What you need to know before starting a business in Florida

This article addresses some facts you should know before starting a business in Florida.  The author is a Florida-licensed attorney who is recognized by the Florida Bar as an expert in business litigation law, but this article is not meant to provide legal advice or to form an attorney-client relationship.  It is meant only to provide general information about this topic.  Each situation is different so it is best to consult with an attorney as to your particular circumstances.

Any person or existing business can incorporate and own a business in Florida.  Florida does not have residency restrictions on the owners, but there must be a registered agent in the State for service of process.  An agent for service of process accepts lawsuits and other legal documents.  There are various companies that will provide this service for a fee, but any such company hired should have clear methods by which they will quickly notify you as to when and whether any such documents are served.  Using the power of the internet, it should be relatively easy for such an enterprise to simply scan and e-mail such documents, therefore, it is prudent to inquire as to their notification methods.

From one perspective, starting or incorporating a business in Florida can be as much procedural as substantive.  The actual incorporation process, registration of any necessary occupation licenses, and leasing of physical offices or storefronts is a matter of filling out forms.  However, substantive actions like understanding and negotiating the terms of a commercial lease and drafting agreements between the owners, such as operating, partnership, or shareholder agreements, is where the enterprise will most benefit from the services of a qualified and experienced business attorney.

Although some documents used for the formation of businesses are available on-line through various services, those can be likened to the difference between clothing purchased off the rack versus those that are custom tailored for an individual.  While do-it-yourself or one-size-fits-all type documents may cover a broad range of situations, chances are they will not address all of the particular circumstances of an individual transaction and lack the advice, counsel, and explanations that experienced attorneys can provide.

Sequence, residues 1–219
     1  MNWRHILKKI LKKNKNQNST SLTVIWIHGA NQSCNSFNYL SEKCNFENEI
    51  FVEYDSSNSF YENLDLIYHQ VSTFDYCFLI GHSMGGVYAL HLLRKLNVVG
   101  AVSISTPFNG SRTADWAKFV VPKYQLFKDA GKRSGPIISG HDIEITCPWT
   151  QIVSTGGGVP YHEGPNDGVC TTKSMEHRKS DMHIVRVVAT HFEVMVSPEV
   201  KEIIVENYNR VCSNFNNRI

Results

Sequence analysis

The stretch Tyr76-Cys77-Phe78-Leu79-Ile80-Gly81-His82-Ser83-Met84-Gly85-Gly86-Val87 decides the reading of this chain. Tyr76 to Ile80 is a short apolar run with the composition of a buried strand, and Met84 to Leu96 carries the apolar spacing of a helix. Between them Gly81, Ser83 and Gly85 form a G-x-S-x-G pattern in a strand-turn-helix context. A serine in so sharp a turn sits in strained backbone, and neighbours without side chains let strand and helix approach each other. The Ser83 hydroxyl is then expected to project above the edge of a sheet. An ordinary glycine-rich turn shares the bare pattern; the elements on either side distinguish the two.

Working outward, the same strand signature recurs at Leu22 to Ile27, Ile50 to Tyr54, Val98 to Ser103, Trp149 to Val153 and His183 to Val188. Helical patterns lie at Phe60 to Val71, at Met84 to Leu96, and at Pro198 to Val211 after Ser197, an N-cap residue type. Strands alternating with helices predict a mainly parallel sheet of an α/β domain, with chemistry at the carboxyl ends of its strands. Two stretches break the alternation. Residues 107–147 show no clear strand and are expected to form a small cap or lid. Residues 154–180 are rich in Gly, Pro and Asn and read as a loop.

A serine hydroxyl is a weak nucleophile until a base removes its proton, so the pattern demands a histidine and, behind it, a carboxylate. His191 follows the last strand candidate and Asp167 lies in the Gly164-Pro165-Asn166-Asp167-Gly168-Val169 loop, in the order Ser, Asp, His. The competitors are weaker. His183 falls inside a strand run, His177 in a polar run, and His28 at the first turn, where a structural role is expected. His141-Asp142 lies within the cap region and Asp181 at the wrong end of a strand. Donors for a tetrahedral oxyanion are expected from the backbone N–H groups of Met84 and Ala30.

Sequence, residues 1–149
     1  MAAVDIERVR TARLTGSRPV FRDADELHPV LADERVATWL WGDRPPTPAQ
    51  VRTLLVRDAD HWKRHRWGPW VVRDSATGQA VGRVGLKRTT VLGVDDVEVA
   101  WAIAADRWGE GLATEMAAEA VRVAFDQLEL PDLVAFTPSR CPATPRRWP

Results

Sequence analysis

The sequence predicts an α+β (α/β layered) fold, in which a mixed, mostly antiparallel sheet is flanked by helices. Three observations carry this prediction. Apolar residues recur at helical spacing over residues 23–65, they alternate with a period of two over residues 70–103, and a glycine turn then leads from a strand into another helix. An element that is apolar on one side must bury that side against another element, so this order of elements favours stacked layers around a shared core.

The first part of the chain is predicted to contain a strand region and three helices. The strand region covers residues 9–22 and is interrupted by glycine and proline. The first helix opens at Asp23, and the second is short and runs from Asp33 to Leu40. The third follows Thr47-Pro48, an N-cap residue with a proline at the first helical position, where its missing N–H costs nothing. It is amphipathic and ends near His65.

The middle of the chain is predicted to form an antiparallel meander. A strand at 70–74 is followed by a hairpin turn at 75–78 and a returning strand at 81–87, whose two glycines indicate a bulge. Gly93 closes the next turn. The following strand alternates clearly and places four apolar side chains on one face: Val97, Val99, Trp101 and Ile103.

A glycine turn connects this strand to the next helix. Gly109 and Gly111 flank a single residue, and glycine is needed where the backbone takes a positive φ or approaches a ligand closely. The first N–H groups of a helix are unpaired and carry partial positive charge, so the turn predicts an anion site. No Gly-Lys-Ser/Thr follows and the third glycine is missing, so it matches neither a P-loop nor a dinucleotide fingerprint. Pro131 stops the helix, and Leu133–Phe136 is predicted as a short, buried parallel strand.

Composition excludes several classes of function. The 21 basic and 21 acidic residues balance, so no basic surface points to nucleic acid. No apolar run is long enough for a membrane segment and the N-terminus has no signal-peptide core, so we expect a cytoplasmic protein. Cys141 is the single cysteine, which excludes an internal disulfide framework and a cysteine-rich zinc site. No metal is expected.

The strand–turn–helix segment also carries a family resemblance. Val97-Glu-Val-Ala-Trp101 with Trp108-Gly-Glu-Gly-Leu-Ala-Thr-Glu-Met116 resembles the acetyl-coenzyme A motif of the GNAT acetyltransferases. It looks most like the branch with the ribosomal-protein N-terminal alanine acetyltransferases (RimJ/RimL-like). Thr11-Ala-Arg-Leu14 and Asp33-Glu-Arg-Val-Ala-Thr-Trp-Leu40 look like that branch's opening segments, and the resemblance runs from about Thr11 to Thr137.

On that point and to stress the importance of seeking qualified legal counsel before starting a business in Florida, the reader should know that in the summer of 2010, the Florida Supreme Court decided a case called Olmstead versus Federal Trade Commission, which confirmed that any member’s ownership interest in a limited liability company was property that could be seized by judgment execution.  In response, however, in July 2011, the Florida Legislature amended Florida’s LLC laws to clarify that only membership interests in single-member LLCs are subject to judgment execution.  The new Statute states that multi-member LLC interests are only subject to a charging order and can not be taken from the owner.  Whether and how this impacts your plan for your new business is not something that DIY documents can address; only an attorney can discuss and explain the impact and suggest modifications to your plan.

The significance of this recent change to Florida’s a Limited Liability Company Laws highlights the importance of obtaining advice from an experienced business attorney before incorporating a new business.  Whether it is better to set up your business as a company, partnership, or LLC and whether it should be a single-member or multi-member LLC is a matter specific to your circumstances and something to discuss with a business attorney.  Seeking and obtaining proper counsel and advice from a Florida-licensed attorney with experience and expertise in this area of the law early and throughout this process can increase your chances of avoiding problems later.


The Florida Bar recognizes those attorneys who are experts in business litigation with Board Certification in Business Litigation Law.  To attain such recognition, attorneys must try a certain number of jury and non-jury trials, pass a comprehensive examination, and receive satisfactory reviews from their peers and Judges before whom they have practiced.  A complete listing of Board Certified attorneys in Business Litigation Law and other areas is available on the Florida Bar’s website at www.flabar.org.

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